Royal Nonesuch takes a look at INVINCIBLE IRON MAN #25, published by Marvel Comics!
Credits & Solicit Info:
Invincible Iron Man #25
Written by: Matt Fraction
Art by: Salvador Larroca
Release Date: April 28, 2010
Double-sized issue! Co-released alongside this summer's surefire blockbuster hit IRON MAN 2, this issue is the perfect jumping-on point for fans of the films and readers new and old alike!
New year. New decade. New trade dress. New threats. New loves. New armor. New Tony Stark. New storyline: RESILIENT.
Get onboard the Eisner-award winning INVINCIBLE IRON MAN here!
Review:"We've all got a lot of rebuilding to do. And of all the things I've ever had to make for myself, a fortune from whole cloth hasn't been one. Think I like the challenge of it..."
Of all the American superhero comics out there, one would think that Iron Man would be the vanguard for exploring the postmodernist concept of interface between man and machine. While Tony Stark is mostly written as the guy who wears a mechanical suit and just becomes a superhero, it's Matt Fraction who imbues INVINCIBLE IRON MAN with enough cybernetics theory and post-human theory to make Katherine Hayles and Jean Baudrillard stand up and take notice. Cyborgs are nothing new to comics, of course, but Fraction takes things to a bit more of a literary level.
Of course, the post-human can't go anywhere without the human, and that's where issue #25 shines. Fraction makes Tony Stark a truly well-rounded, three dimensional character, and in this issue, he gives the reader something so rarely seen in superhero comics: a story about a man who is willing to admit that he was wrong. "I screwed up," he tells Reed Richards. "Amateur mistake number one, and I made it...because I didn't think it needed doing." It's a marvelously tender and insightful scene that really centers everything that happens before and after. Tony Stark, who has been left with nothing in the wake of Norman Osborne's Dark Reign, needs to figure out who he is in this new world, and he needs to move forward.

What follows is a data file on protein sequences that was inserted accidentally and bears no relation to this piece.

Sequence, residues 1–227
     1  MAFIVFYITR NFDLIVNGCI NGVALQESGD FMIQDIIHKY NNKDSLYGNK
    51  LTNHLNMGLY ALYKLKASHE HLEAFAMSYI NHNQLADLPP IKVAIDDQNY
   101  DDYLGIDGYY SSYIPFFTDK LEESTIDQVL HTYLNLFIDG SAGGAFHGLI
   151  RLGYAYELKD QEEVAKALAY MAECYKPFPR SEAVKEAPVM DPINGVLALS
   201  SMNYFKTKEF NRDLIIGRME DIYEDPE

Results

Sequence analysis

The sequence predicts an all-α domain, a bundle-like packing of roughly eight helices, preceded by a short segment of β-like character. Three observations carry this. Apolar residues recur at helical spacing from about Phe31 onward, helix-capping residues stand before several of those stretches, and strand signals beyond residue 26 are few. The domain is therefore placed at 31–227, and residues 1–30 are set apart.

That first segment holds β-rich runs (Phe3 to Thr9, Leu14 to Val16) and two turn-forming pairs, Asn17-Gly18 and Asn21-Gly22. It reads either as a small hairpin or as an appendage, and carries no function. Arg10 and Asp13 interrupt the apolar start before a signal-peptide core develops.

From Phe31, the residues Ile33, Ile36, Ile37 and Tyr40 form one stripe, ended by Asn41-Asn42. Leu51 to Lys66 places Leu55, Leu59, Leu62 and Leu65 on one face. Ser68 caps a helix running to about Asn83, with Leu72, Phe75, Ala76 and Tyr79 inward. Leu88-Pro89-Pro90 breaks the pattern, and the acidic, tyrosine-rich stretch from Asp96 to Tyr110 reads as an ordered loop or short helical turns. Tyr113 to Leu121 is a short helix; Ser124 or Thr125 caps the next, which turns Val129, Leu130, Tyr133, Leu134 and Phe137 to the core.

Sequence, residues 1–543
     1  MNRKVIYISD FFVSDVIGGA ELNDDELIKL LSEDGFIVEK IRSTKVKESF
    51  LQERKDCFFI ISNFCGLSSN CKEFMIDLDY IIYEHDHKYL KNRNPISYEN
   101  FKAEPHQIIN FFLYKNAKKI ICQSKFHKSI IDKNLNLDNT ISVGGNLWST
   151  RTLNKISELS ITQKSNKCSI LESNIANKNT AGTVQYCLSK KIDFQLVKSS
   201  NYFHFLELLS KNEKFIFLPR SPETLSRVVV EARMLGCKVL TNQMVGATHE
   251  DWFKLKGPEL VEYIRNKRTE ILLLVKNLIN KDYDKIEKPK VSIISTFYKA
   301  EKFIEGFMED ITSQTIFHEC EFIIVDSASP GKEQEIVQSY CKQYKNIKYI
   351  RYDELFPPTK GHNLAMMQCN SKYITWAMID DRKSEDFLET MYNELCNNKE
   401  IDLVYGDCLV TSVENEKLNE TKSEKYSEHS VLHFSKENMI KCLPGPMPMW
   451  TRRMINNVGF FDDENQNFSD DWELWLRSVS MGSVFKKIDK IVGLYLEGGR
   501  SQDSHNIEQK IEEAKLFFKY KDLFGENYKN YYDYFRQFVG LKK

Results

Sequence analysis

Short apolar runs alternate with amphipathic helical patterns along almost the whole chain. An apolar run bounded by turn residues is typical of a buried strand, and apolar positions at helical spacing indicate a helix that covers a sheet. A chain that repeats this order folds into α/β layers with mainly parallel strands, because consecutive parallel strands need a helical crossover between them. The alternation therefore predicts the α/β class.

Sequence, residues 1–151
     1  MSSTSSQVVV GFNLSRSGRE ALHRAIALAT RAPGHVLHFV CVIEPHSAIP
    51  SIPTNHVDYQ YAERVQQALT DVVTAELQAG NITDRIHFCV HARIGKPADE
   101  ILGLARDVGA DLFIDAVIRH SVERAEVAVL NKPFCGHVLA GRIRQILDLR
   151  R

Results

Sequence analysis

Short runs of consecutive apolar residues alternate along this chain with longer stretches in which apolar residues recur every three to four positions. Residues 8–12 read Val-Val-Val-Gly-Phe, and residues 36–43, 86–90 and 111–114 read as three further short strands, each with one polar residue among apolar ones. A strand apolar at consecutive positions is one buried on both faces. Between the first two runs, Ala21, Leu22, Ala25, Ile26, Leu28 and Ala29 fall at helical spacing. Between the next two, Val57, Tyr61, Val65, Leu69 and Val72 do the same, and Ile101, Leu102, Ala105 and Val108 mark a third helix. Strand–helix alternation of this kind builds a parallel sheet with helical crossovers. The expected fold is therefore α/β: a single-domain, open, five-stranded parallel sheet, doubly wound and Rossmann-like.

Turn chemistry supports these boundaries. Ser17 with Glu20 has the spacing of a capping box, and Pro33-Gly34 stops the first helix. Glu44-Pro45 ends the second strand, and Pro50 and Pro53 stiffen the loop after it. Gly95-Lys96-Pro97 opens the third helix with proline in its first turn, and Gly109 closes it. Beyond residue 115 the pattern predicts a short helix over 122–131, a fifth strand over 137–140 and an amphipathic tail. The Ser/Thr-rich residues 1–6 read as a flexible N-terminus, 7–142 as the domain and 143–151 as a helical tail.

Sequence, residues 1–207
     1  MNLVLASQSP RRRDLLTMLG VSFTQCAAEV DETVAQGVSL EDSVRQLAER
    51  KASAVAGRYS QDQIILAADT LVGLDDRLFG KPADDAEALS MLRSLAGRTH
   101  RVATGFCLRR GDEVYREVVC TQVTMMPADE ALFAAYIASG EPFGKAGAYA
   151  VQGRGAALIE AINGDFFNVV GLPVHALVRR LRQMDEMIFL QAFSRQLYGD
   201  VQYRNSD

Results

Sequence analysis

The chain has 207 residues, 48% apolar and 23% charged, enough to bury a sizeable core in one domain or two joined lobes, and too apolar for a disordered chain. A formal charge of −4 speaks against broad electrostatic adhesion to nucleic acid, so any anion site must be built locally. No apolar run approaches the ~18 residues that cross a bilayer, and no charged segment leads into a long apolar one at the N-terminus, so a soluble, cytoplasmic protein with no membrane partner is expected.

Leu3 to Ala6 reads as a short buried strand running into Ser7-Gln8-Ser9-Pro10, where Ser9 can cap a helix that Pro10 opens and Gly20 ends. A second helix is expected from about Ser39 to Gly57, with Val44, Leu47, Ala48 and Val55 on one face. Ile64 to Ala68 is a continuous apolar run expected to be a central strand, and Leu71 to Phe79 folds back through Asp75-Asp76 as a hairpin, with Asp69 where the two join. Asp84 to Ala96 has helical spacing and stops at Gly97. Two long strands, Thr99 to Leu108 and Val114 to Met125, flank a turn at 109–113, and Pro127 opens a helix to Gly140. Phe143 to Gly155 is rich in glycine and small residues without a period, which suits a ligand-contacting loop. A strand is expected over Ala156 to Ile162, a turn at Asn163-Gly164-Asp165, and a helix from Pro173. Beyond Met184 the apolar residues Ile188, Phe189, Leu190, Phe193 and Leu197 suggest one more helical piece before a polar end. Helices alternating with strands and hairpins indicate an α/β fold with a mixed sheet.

Conversely, it's good to see Salvador Larocca pull back a bit. A few years ago, around the time of his newuniversal issues, it looks like Larocca was pushing him a little bit too far with new (for him) techniques that were stifling his storytelling. Here, he seems a lot more content to simply sit back and draw, and render a great story. It's a double-sized issue, so there are spots where he looks like he may have rushed a bit (there is one panel where Thor's face looks a little odd), but the storytelling is great.
Also in this issue, the seeds are planted for an impending new menace that sprang from an old menace. The daughter and granddaughter of former Iron Man foe Justin Hammer are making all kinds of shady deals that may lead to some interesting trouble for our hero down the line. Sure, it looks like Iron Man will be fighting more guys in armor, but somehow things, as they are laid out here, are very compelling.
Regular Marvel readers have been presented with a lot of talk over the last few years about how Tony Stark is always looking to the future, but Fraction and Larocca really seem to have a handle on that concept and are executing it beautifully. Granted, there is always that fear when it comes to the Big-2 that everything will just snap back into the way things were "back then," but frankly, it's good for readers to simply stick with this forward movement and see where Tony Stark, the Iron Man, go from here.